A friend of mine recently came into possession of some very interesting pieces. These include a Webley Mk VI (1916), Walther P-38 (1938), and a Luger (DWM 1916). She has suggested that I will get the "pick of the litter" if I get her reliable information on fair market value for these and other pieces. My conscience wouldn't quite let me say "$500 for the lot!":evil:
What is the most reliable method for determining the value of something like this? What information is usually used to help in the appraisal process?
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September 27, 2007, 10:59 PM
The Blue Book of gun values usually has entries on 'em... but true market rates are sometimes considerable higher (or lower). Lugers go for a mint. Walthers, less. Webleys... depends on if it's converted to .45 ACP or no. The .455 models hover at $400 or higher. The .45 ACPs go for closer to $600.
September 29, 2007, 11:29 PM
gunbroker.com is a good place to start too!
September 30, 2007, 12:25 AM
A really nice unaltered Webley MKVI .455 can bring $700-800 . An excellent condition , but common military 1916 DWM possibly $900-1200 or more . Just depends on finish , bore , etc . An early P-38 can bring over a $2k . Again , condition and rarity of markings or contract .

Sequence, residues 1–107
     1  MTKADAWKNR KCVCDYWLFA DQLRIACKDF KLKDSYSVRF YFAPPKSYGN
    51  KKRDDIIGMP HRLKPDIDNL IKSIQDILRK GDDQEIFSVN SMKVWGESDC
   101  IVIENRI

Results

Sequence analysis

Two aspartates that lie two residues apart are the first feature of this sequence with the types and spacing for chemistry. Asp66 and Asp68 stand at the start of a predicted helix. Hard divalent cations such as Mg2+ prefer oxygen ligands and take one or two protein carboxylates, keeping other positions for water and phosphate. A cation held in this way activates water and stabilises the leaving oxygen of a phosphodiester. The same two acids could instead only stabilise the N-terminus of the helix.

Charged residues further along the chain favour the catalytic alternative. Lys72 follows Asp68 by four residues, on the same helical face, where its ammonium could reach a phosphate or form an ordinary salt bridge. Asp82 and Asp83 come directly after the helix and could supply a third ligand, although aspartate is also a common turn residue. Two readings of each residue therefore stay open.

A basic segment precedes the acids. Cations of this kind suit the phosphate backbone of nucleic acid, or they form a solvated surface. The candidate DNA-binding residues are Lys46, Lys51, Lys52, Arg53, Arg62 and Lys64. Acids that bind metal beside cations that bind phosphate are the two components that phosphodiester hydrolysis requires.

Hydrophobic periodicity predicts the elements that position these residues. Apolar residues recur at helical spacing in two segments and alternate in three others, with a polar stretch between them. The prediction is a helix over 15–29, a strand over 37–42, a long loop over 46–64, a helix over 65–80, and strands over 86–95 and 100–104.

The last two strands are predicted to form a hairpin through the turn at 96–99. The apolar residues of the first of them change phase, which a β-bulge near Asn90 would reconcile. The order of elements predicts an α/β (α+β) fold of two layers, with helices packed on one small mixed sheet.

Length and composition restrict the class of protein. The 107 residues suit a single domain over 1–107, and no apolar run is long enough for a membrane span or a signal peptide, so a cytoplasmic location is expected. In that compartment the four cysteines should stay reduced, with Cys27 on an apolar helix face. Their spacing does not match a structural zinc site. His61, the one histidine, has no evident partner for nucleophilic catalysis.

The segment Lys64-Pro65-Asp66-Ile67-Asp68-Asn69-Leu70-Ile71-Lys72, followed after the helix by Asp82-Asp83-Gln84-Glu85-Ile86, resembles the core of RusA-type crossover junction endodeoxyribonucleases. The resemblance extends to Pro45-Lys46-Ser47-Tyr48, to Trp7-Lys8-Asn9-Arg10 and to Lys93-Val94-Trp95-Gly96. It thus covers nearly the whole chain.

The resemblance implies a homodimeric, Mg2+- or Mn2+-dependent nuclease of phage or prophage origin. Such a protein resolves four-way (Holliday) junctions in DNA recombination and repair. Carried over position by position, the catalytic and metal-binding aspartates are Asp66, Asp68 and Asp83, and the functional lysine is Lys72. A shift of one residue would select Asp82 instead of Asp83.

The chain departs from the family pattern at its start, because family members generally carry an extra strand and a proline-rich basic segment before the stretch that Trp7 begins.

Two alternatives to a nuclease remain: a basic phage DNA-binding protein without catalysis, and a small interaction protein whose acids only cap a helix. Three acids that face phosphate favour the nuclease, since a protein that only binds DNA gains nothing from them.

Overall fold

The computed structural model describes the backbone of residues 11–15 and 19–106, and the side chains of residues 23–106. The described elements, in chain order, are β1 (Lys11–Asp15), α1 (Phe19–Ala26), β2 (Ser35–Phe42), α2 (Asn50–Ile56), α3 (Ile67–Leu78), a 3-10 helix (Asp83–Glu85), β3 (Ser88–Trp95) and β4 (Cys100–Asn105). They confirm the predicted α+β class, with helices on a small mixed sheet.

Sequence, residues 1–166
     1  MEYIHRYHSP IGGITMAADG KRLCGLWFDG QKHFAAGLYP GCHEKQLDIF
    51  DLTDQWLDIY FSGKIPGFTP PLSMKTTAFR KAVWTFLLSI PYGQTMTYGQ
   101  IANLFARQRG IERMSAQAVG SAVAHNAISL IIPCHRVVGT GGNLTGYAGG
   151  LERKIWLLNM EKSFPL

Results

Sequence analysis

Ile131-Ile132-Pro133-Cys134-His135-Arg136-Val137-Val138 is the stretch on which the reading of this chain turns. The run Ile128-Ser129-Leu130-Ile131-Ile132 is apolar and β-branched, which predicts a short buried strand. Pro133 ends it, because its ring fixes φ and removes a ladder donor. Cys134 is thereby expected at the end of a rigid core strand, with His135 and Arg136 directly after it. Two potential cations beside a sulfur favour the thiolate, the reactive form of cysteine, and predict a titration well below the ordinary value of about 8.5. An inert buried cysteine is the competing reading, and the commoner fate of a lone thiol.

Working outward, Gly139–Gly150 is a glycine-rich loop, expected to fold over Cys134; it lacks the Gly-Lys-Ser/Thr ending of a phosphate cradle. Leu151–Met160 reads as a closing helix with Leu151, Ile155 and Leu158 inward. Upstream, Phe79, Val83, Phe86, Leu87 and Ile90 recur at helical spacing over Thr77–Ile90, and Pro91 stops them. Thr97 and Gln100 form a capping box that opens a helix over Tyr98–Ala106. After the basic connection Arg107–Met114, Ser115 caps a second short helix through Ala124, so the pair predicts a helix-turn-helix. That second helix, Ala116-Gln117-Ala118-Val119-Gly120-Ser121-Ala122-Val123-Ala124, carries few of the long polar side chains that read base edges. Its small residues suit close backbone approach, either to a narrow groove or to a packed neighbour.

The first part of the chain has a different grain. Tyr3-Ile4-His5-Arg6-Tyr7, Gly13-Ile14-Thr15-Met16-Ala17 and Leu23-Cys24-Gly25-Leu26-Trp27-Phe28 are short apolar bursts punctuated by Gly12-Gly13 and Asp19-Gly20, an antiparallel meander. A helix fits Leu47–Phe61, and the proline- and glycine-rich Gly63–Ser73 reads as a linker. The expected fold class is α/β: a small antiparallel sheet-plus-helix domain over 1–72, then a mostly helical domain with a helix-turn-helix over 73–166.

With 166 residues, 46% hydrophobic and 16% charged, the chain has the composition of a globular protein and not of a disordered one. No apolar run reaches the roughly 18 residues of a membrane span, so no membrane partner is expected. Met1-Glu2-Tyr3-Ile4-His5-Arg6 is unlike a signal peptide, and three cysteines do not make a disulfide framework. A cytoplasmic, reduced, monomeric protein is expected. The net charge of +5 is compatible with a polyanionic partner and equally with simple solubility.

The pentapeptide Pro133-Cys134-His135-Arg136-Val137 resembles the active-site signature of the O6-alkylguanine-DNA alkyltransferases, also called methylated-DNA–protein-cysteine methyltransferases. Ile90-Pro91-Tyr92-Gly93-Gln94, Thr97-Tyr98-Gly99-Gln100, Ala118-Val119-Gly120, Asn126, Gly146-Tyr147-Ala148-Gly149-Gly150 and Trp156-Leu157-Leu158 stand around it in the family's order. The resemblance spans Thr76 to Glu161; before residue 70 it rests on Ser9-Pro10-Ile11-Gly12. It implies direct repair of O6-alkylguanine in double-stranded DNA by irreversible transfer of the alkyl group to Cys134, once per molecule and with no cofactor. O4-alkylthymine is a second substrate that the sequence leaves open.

Just another's opinion .
September 30, 2007, 07:58 PM
"What is the most reliable method for determining the value of something like this? What information is usually used to help in the appraisal process?"
In person if you know what you're doing. In person with someone who knows what they are doing if you do not.
Seriously. The upside is that if you don't know what you are doing eventually you will as long as you pay attention.
October 1, 2007, 06:06 AM
You also will want to consult some military gun collector books (from a local bookstore) to price the Walther and the Luger. Make sure to copy down ALL marking that you see on each weapon (e.g. serial numbers, proof marks, Nazi symbols, etc.). Also, take notice as to whether the various numbered parts all match. An all matching firearms is usually worth much more than a pieced together/re-arsenaled "rework."
October 1, 2007, 06:11 PM
According to the 25th Ed of the Blue book, here's what you're looking at: